I kept driving by these abandoned bungalows in the middle of nowhere. At sunset they can look quite striking but no image ever seemed to capture their drama quite satisfactorily. Then it dawned on me (pun intended) to try it in b&w. Here is the result of my work. I’m sure I can improve this by showing up on different days. But, I’m so excited about this that I wanted to see what you think. I hardly ever shoot in b&w yet many of my favorite photographers shoot only in that medium.

GFX50R, 45-100mm, Conversion is Photoshop.

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C’mon Igor – you must have copied this from an Ansel Adams calendar, or any one of about ten other incredible B/W photographers! I think this is wonderful and the sky is so perfect! The almost-centeredness of the buildings works so well, in combination with the angle from which you shot them! I want more!!!

Thank you, Diane. As you can imagine the sky was greatly modified. The sky was so bright that those clouds were barely visible. The freedom b&w processing gives you is truly liberating. I am really a novice in working b&w. My b&w processing is usually just a conversion or a Silverfox profile.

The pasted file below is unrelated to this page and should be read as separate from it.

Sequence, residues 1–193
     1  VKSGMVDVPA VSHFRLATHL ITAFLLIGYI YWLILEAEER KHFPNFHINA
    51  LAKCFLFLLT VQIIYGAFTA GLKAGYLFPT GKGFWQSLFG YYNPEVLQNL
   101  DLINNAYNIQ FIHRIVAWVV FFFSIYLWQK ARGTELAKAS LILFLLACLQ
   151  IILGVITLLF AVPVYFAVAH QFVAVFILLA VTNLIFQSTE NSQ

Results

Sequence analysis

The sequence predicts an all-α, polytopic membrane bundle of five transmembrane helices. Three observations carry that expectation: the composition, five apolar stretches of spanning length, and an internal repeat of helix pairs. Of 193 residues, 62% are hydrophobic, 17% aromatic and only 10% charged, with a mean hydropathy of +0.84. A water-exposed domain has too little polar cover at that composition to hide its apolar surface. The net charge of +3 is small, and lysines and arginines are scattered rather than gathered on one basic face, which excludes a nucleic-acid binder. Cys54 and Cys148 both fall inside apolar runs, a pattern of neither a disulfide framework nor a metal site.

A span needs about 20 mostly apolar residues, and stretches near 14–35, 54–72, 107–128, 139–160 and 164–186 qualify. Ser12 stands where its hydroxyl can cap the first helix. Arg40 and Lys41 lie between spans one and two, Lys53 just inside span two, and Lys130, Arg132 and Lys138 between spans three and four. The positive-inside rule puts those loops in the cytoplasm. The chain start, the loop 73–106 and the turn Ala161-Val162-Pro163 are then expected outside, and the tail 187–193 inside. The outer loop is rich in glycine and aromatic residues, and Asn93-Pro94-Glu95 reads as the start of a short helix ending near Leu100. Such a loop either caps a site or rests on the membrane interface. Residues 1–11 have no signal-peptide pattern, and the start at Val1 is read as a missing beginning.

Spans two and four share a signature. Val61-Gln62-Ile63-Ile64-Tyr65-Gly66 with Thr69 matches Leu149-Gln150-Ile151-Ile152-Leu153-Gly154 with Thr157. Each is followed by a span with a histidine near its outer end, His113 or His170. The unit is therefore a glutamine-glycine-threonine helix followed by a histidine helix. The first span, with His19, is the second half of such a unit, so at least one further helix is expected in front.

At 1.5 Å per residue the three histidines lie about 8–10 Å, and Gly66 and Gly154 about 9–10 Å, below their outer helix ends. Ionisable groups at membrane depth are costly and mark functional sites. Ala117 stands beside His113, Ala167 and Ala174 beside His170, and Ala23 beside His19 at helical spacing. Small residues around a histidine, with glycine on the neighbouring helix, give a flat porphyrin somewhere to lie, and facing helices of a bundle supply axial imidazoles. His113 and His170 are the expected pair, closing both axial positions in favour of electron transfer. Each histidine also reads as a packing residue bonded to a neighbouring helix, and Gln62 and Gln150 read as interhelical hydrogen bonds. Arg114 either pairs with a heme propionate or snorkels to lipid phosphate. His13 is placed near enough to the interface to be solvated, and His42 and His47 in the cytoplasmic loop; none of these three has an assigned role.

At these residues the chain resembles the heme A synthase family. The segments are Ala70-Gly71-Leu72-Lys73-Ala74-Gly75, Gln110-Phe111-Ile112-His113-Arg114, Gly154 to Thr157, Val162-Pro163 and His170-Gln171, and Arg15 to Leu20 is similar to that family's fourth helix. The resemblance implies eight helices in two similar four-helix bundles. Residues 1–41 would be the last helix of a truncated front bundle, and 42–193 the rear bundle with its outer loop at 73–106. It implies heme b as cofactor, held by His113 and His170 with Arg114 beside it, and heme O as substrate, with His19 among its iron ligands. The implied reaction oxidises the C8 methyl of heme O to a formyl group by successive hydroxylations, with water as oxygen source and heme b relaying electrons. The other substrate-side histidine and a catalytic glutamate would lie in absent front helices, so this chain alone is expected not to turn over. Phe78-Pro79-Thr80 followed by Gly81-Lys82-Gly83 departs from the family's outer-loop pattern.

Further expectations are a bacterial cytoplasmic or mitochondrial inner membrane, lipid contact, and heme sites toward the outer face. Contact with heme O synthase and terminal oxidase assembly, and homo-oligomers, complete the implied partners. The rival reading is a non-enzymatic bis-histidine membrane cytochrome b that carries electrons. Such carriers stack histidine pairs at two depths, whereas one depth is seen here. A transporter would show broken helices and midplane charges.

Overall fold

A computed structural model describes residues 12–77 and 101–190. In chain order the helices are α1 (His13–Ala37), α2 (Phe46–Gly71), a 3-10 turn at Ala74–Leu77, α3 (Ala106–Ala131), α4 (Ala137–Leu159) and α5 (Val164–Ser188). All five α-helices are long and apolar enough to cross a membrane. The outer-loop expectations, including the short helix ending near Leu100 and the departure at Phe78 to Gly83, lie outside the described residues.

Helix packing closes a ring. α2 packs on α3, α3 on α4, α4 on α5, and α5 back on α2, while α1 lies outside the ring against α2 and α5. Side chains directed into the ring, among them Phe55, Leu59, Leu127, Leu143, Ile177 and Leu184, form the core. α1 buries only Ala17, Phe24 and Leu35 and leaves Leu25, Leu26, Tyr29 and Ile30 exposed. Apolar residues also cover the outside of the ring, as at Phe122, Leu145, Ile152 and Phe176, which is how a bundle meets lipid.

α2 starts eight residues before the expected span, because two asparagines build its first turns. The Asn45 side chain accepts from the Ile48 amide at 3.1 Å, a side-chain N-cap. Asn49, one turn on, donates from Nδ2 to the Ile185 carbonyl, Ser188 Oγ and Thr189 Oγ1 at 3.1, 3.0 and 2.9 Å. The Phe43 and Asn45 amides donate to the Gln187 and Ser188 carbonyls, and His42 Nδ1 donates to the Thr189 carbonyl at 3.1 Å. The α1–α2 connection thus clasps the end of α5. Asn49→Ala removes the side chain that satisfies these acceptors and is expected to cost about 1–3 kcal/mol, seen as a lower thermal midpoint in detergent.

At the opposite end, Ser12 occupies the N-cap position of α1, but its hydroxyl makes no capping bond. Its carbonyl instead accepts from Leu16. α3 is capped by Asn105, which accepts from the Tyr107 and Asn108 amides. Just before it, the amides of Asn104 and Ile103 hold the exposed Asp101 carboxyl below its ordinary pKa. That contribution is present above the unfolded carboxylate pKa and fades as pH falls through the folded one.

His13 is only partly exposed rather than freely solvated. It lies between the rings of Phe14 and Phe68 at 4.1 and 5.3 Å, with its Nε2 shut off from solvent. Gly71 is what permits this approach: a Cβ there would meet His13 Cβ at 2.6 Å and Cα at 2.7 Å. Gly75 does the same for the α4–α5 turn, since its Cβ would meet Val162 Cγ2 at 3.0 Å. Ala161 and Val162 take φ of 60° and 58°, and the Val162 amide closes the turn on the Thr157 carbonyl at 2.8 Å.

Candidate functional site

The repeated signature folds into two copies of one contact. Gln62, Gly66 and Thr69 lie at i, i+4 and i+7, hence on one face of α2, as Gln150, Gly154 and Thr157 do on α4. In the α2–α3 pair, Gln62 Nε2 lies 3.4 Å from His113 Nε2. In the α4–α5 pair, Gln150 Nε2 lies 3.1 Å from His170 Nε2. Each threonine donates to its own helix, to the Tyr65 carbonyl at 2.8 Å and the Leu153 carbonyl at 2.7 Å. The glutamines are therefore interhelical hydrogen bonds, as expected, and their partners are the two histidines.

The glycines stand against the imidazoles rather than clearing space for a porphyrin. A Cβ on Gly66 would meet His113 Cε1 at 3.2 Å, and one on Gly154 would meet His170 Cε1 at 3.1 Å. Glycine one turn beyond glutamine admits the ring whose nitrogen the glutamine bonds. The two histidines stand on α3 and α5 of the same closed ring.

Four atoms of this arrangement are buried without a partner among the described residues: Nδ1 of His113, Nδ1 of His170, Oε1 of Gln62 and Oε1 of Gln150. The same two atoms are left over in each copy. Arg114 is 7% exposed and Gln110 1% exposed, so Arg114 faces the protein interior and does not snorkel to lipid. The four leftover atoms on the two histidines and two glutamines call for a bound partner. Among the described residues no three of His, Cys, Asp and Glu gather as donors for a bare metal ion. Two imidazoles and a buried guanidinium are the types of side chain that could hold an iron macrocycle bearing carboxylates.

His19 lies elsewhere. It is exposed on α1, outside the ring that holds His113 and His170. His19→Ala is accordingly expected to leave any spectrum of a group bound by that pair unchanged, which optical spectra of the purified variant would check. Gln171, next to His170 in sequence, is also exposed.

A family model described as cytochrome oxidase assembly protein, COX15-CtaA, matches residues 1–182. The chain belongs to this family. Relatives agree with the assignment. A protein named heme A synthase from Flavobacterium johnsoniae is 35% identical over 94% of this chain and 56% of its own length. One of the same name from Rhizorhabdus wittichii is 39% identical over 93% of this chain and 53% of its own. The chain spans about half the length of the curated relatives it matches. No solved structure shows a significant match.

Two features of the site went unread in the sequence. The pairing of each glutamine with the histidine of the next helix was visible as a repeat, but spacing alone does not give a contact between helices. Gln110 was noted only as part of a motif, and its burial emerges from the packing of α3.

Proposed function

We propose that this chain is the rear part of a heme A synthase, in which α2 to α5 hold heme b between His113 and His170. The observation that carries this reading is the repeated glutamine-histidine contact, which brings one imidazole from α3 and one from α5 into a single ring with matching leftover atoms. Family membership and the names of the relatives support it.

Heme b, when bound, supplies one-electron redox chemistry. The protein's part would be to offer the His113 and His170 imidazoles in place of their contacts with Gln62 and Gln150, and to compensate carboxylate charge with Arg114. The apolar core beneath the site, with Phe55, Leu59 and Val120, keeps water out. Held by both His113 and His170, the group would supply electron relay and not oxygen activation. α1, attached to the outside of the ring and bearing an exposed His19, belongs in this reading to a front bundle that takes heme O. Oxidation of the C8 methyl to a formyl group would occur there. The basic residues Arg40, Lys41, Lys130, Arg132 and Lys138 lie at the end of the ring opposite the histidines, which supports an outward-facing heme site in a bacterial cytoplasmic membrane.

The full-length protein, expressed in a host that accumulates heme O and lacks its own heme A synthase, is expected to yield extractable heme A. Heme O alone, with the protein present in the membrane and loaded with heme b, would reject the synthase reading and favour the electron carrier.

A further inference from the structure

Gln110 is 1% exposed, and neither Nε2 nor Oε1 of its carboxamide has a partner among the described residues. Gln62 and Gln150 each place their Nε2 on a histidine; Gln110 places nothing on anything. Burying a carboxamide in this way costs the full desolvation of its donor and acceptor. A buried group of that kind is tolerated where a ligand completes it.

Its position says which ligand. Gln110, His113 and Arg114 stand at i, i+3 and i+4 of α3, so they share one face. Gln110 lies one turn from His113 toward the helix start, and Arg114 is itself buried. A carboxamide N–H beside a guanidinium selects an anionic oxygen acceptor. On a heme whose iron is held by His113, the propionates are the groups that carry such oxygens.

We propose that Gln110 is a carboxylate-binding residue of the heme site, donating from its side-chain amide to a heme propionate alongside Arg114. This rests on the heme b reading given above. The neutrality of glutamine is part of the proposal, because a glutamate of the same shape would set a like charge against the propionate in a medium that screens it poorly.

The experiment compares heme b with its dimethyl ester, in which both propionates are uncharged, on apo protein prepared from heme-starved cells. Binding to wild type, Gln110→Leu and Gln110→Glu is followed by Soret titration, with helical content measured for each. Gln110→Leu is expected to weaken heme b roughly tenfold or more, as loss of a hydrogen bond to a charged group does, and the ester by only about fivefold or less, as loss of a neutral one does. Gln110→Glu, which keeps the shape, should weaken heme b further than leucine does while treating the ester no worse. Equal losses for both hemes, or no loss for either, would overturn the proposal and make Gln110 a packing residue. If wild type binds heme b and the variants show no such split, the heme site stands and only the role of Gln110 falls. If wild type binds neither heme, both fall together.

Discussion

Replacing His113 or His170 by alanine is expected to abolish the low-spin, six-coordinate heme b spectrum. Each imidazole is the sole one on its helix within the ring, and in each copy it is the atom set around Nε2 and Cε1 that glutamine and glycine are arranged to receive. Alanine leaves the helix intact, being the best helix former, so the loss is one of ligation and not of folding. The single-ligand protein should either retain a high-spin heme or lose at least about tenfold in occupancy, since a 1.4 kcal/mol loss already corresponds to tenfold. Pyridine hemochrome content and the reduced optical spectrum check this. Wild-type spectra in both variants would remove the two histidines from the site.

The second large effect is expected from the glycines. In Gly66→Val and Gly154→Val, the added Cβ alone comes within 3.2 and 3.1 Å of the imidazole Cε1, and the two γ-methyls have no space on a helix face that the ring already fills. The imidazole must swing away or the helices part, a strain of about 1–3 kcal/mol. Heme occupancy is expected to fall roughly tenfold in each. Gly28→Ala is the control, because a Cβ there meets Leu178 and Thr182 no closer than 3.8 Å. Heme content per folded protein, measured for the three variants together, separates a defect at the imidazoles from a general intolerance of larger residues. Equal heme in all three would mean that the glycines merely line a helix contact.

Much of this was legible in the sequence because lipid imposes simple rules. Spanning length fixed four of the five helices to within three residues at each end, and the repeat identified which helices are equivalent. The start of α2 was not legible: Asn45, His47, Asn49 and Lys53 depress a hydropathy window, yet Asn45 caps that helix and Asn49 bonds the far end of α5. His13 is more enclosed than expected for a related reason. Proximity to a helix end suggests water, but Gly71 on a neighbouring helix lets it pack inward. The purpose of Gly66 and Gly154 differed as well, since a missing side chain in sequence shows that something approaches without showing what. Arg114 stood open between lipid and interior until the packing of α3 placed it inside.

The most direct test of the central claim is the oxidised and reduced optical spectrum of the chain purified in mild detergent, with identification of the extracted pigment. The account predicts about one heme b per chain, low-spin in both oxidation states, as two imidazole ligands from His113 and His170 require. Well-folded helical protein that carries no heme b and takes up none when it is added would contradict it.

Nice stark and bleak image. The B&W treatment works well. You have some kind of dark weird shape in the sky toward the top left corner. No idea what it could be.

This one works really well for me (and I don’t do much B&W myself). I think you nailed the tonality of the sky. But what also works really well is the darker tonality of the sagebrush (or whatever it is) against the bright sand and building . The light on the sage is processed perfectly for me. The right half of the building looks like it is bordering on clipping, I would pull it down ever so slightly. And I also noticed the weird shape in the sky that Harley mentioned.

Beautiful tones in this, Igor, and B&W was definitely the right approach. Did you use B&W emulation in camera, or did you shot in color and then convert?

Thank you for the feedback, Ed. I did more local processing on this one than normally so it’s not surprising that there are issues. I wanted the white of the building to really blast in your face so I went too far with the whites. The ‘strange thing’ on the left is the result of sloppy work, brushing in this case.

The challenge for me in this image was to properly balance of darks in the sky vs the land and to have the house really jump out. For me the interest here was to show opposing and contradictory subject: a building in the midst of desolation. I find that such contradictory subjects can make for interesting viewing.

I agree, the building leaps off the screen due to the surrounding darks. And I think the dark sage plays almost as much of a role in that regard as the sky does. Having strong darks both above and below the building matters a lot.

Bill, I shot in color and processed to b&w. I probably should have shot in camera. Like I said, I’m not experienced much in b&w but both Cole Thompson’s and Chuck Kimmerly’s work have peeked my interest lately.